This article appears in the September 2022 issue of Investment Executive and was originally published on August 22. Subscribe to the print edition, read the digital edition or read the articles online.
Tax experts are strategizing over how to use the new tax-free savings account for first-time homebuyers and how it will interact with other registered accounts.
The proposed rules governing the Tax-Free First Home Savings Account (FHSA), released for comment in August by the Department of Finance, allow for plenty of flexibility regarding contributions, deductions and investments.
As with an RRSP, contributions to an FHSA are tax-deductible. Withdrawals to purchase a first home — including from investment income — are non-taxable, like with a TFSA.
“If you’ve got some runway [and] you’re going to be buying a home, then [the FHSA] and tax-free income is great,” said Wilmot George, vice-president of tax, retirement and estate planning with CI Global Asset Management in Toronto. “You don’t get much better than that.”
The draft legislation introduced two key features: unused FHSA room of up to $8,000 can be carried forward to future years, and deductions for contributed amounts can be claimed in the tax year they were made or in future years.
“[That’s] good news in terms of additional flexibility,” said Jamie Golombek, managing director of tax and estate planning with CIBC Private Wealth.
Clients who want to buy a home and have the money to make contributions should consider opening an FHSA as soon as possible, wrote Aaron Hector, vice-president and financial consultant with Doherty & Bryant Financial Strategists in Calgary, in an email to Investment Executive. Contributing early will allow for tax-free compound growth, and the ability to defer a deduction eliminates a reason to wait.
“If someone does not buy a home within 15 years, they can transfer their FHSA funds into their RRSP, where they could then utilize the [Home Buyers’ Plan (HBP)],” Hector wrote. “That’s not a bad Plan B.”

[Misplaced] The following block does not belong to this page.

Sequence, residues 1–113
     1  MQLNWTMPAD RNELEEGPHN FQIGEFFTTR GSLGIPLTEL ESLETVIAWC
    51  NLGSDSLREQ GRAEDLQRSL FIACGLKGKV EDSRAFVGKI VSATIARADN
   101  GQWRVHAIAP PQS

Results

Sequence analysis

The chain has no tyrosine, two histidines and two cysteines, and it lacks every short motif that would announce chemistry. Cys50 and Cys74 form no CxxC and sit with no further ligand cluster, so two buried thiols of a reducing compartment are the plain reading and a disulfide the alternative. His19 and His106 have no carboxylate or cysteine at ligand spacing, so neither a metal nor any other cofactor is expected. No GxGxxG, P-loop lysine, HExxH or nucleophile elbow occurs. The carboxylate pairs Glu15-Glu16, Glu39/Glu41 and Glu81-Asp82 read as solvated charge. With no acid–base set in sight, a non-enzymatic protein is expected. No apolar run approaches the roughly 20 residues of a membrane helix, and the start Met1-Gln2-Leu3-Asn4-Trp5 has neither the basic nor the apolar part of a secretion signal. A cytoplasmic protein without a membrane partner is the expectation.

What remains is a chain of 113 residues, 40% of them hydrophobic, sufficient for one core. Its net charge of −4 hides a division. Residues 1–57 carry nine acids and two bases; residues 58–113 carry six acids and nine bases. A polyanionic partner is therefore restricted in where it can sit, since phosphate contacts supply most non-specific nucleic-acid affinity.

The FHSA is set to launch in 2023.
Since carry-forward amounts begin accumulating only after an FHSA is opened, prospective homebuyers could open an account in 2023 even if they don’t have money to contribute, Hector suggested. That would mean they could contribute up to $16,000 ($8,000 annual contribution plus $8,000 carried forward) in 2024 rather than waiting until 2025 for more room.
An FHSA can hold the same investments that are currently allowed in a TFSA.
“If someone is actively shopping for a home, it would be wise to keep their FHSA money very conservatively invested,” Hector said. “You would not want to be counting on a certain dollar amount in your FHSA to buy your home, only to find that when you are ready to make an offer, that your investments have suffered from a market decline.”
According to the proposed legislation, people cannot use withdrawals from both an FHSA and an HBP to buy the same home. The FHSA, therefore, could supplant the HBP as the favoured way to fund a down payment.
With an HBP, “you’re borrowing from your RRSP, but you’re going to have to repay yourself within 15 years,” said Carol Bezaire, senior vice-president of tax, estate and strategic philanthropy with Mackenzie Investments in Toronto. “With the FHSA, money will come out tax-free and you don’t have to pay it back, plus you get a deduction for your contribution.”
While spousal FHSAs aren’t allowed, a person can give their spouse (or common-law partner) money to contribute to an FHSA without triggering income attribution on that amount.
A couple, then, could contribute $80,000 for a down payment, which would grow tax-free, Bezaire said.